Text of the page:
I think this is brilliant!

Marco

On Fri, May 16, 2008 at 9:28 PM, Frederick Grose <[EMAIL PROTECTED]> wrote:
> Nice carbohydrate lesson as well!
>
>          --Frederick Grose
>
> On Fri, May 16, 2008 at 3:08 PM, Benjamin M. Schwartz
> <[EMAIL PROTECTED]> wrote:
>>
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>> I think Sugar has a naming problem.  There are a lot of different digital
>> objects being produced by this project, and referring to all of them as
>> Sugar is becoming increasingly confusing.  For example, the discussion
>> about "Sugar on Windows" has been all but incomprehensible, because each
>> author means something entirely different by the term "Sugar".  Similarly,
>> the recent proposals for "inclusion in Sugar" are extremely confusing,
>> since these components will not be required to run Sugar.
>>
>> To resolve this, I am going to attempt to list a number of important,
>> distinct digital objects that this work has produced. I will also
>> introduce cutesy codenames.  I hope that the Sugar developers will adopt a
>> clear set of distinct names, and I do not care if they choose these names
>> or other names.
>>
>> Component: The abstract design of the interface
>> Codename: Sweet (the taste of sugar)
>> Description: "Sweet" is the abstract design of the interface's appearance
>> and behavior, independent of any code actually implementing this style.
>> The mockups at http://wiki.laptop.org/go/Designs represent this
>> component's second major release, or perhaps 2.0-alpha.
>>
>> Component: The base Sugar environment
>> Codename: Glucose (the fundamental, simple sugar used by all life forms)
>> Description: Glucose is the minimal system that must be added to a
>> standard Linux distribution in order to enable Activities to run.  This
>> includes all the python code and graphics files that implement the shell,
>> as well as the Journal.  Glucose's dependencies may include xorg-server,
>> xulrunner, squeakvm, rainbow, etc.  Some of these dependencies may be
>> marked optional by distributions.  Glucose does not include any Activities
>> except those like the Journal that are non-optional.
>>
>> Component: A set of demonstration activities
>> Codename: Fructose (the main sugar in fruit, which is how we're supposed
>> to get our sugar.)
>> Description: The Sugar developers will need  some example set of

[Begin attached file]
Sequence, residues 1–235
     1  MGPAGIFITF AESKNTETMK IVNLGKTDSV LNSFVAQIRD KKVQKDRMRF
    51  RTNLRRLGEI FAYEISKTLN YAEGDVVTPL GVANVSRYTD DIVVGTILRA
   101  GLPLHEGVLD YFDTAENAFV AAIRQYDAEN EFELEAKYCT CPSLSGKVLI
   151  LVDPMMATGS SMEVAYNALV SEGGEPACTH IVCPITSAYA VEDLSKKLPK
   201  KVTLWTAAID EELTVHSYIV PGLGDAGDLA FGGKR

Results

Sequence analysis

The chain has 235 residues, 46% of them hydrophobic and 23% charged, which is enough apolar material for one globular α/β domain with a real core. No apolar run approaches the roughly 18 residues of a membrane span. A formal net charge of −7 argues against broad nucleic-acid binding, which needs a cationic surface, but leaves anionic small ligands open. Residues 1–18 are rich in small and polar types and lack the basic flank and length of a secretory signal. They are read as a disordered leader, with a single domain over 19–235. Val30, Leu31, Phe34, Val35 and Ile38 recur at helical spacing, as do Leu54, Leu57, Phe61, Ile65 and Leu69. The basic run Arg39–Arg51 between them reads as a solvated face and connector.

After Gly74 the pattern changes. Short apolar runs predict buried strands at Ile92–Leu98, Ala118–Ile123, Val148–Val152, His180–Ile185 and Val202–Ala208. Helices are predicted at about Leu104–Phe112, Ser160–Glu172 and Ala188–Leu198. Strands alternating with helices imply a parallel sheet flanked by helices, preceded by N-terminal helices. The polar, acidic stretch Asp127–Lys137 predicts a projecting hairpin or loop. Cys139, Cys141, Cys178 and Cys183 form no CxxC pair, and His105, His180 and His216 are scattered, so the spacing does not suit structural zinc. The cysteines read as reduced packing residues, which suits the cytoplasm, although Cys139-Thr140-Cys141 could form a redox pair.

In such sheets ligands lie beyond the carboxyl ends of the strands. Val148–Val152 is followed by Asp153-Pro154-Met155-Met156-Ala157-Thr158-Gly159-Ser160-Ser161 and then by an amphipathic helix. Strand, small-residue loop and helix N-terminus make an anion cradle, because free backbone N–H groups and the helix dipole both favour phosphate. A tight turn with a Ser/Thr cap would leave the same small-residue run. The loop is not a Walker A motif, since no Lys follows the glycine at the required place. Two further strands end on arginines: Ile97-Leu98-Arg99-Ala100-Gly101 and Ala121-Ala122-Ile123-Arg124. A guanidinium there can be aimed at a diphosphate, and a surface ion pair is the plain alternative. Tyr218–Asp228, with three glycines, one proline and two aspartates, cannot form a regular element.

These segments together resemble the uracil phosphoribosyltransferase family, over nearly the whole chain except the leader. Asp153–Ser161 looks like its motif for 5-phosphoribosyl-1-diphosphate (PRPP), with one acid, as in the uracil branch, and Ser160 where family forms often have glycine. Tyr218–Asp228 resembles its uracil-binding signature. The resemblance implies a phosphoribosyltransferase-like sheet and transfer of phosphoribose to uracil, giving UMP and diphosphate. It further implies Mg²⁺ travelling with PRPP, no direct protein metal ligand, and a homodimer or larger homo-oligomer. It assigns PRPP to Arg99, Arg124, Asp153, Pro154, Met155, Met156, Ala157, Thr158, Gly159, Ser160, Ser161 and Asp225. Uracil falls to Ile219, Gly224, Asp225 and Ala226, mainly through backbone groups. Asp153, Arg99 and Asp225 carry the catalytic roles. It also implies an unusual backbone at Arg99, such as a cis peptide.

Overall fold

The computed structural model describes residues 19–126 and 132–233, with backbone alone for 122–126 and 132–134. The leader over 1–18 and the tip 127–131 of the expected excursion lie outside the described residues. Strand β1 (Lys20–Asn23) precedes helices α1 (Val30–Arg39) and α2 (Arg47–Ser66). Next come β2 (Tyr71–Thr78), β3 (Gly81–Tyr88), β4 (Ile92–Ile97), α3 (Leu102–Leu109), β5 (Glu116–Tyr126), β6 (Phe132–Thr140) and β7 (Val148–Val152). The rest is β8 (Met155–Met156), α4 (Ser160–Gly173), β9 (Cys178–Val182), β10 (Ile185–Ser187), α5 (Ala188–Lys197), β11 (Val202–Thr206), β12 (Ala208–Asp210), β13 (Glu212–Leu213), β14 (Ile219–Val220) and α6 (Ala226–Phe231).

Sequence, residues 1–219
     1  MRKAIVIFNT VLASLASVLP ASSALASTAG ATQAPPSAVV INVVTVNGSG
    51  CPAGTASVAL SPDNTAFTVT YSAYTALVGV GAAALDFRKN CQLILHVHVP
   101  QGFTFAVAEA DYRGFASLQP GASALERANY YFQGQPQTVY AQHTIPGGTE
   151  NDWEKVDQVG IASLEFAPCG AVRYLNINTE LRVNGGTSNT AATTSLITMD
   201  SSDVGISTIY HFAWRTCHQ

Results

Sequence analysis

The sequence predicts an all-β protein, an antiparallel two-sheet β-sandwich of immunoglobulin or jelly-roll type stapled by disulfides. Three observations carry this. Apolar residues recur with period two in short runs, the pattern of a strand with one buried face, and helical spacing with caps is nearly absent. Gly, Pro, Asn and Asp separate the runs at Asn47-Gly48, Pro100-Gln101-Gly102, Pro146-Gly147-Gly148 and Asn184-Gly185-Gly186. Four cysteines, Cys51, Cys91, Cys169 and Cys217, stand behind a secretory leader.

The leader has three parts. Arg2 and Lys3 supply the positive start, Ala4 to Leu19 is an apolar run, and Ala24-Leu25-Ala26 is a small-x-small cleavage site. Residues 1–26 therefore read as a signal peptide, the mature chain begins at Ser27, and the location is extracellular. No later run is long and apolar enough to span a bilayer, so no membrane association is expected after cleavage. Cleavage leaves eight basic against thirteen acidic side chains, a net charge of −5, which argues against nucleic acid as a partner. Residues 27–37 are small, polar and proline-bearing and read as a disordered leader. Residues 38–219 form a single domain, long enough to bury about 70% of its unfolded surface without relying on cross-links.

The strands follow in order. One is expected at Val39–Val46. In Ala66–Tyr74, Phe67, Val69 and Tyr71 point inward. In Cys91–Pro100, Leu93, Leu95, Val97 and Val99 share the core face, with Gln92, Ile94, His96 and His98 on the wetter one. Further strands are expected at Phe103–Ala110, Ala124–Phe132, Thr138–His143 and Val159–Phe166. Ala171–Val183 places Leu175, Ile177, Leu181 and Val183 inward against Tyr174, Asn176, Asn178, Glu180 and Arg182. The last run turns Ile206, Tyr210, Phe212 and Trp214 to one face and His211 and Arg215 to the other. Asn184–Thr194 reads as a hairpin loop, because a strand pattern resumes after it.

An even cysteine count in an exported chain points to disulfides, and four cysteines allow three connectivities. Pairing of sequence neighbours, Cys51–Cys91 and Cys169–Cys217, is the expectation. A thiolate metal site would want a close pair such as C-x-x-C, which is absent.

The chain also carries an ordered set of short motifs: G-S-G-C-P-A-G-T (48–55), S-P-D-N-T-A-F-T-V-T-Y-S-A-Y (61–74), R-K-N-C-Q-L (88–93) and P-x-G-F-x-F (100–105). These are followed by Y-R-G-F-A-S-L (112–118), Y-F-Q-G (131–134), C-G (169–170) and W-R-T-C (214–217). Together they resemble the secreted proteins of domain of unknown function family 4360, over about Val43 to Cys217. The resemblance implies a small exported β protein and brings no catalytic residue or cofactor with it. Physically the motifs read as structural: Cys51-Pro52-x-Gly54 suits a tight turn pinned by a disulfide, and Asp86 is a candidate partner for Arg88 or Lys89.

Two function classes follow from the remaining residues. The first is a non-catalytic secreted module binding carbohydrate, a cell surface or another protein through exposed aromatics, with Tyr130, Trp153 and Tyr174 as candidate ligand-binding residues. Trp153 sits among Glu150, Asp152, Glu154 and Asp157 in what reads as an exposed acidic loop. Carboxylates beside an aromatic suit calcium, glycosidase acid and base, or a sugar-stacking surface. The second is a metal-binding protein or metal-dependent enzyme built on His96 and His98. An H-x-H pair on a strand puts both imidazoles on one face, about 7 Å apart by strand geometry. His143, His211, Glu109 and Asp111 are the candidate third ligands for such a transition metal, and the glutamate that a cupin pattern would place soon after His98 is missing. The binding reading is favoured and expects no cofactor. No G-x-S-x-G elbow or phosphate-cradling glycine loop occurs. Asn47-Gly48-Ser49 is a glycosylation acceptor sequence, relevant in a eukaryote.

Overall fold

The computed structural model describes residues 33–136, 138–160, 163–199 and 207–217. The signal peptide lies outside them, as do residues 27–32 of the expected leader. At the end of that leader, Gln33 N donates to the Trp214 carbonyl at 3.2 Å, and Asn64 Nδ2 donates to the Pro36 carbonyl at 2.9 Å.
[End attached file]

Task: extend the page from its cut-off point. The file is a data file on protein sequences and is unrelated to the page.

>> activities with which to demonstrate Sugar.  This set is Fructose.  The
>> packages in Fructose should be selected to make the resulting environment
>> as impressive as possible for a potential client or user.  Packages should
>> therefore be stable, polished, and exercise the widest possible range of
>> features.  Fructose may also serve as an example for people constructing
>> their own Activity sets.
>>
>> Component: The interface, plus a set of demonstration activities
>> Codename: Sucrose ("table sugar", the kind you buy in the store.  It
>> consists of glucose and fructose, combined.)
>> Description: Sucrose consists of both Glucose and Fructose.  It therefore
>> represents a complete example Sugar environment, ready to be installed
>> through a package manager.  The purpose of Sucrose is so that prospective
>> deployers can install the "sugar-sucrose" package, and immediately say
>> "Wow! Look at all the cool capabilities that this system has!".
>>
>> Component: The base Linux distribution being used by Sugar
>> Codename: Ribose (the sugar used by all lifeforms to control their
>> hardware, in the form of RNA.  It's important, but not sweet.)
>> Description: Ribose is the set of hardware-centric software components
>> that have been developed throughout this project.  It includes the XO
>> kernels, OHM, any init-script customizations, etc.  Ribose should be
>> construed as including all components necessary to boot the system, enough
>> to install Glucose if it has not yet been installed.
>>
>> Component: A complete disk image for Sugar
>> Codename: A starch (starch is composed of multiple sugars bonded
>> together.)
>> Description: We often distribute complete disk images for Sugar, ready to
>> boot.  These images are composed of multiple elements of the above stack.
>> ~ For example, the current Joyride images are composed of Ribose (the
>> non-graphical work) and Glucose (the shell) but not Fructose (the activity
>> package).  Each image series should be named separately, to minimize
>> confusion.  For cutesy codenames, we could have a development build
>> ("glycogen", a starch used to produce Glucose) and a stable build
>> ("cellulose", an extremely stable starch).
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